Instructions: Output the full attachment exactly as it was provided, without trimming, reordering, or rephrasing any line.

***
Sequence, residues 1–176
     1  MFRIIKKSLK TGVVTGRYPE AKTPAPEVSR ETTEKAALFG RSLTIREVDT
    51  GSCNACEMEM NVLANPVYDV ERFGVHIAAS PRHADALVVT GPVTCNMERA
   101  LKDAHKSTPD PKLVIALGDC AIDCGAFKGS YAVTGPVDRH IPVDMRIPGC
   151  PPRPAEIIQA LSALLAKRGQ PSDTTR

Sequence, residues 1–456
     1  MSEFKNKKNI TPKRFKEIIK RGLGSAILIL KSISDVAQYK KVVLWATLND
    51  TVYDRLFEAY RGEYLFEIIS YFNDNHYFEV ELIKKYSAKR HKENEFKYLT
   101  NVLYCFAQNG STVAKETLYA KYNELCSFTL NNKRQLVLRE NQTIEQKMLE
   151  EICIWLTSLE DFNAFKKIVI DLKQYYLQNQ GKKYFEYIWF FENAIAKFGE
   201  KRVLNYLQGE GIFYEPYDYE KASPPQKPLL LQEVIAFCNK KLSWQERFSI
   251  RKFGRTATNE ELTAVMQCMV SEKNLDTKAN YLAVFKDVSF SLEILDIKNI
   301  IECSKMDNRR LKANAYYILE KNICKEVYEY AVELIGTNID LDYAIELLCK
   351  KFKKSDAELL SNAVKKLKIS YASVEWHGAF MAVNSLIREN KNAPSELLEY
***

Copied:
Sequence, residues 1–176
     1  MFRIIKKSLK TGVVTGRYPE AKTPAPEVSR ETTEKAALFG RSLTIREVDT
    51  GSCNACEMEM NVLANPVYDV ERFGVHIAAS PRHADALVVT GPVTCNMERA
   101  LKDAHKSTPD PKLVIALGDC AIDCGAFKGS YAVTGPVDRH IPVDMRIPGC
   151  PPRPAEIIQA LSALLAKRGQ PSDTTR

Sequence, residues 1–456
     1  MSEFKNKKNI TPKRFKEIIK RGLGSAILIL KSISDVAQYK KVVLWATLND
    51  TVYDRLFEAY RGEYLFEIIS YFNDNHYFEV ELIKKYSAKR HKENEFKYLT
   101  NVLYCFAQNG STVAKETLYA KYNELCSFTL NNKRQLVLRE NQTIEQKMLE
   151  EICIWLTSLE DFNAFKKIVI DLKQYYLQNQ GKKYFEYIWF FENAIAKFGE
   201  KRVLNYLQGE GIFYEPYDYE KASPPQKPLL LQEVIAFCNK KLSWQERFSI
   251  RKFGRTATNE ELTAVMQCMV SEKNLDTKAN YLAVFKDVSF SLEILDIKNI
   301  IECSKMDNRR LKANAYYILE KNICKEVYEY AVELIGTNID LDYAIELLCK
   351  KFKKSDAELL SNAVKKLKIS YASVEWHGAF MAVNSLIREN KNAPSELLEY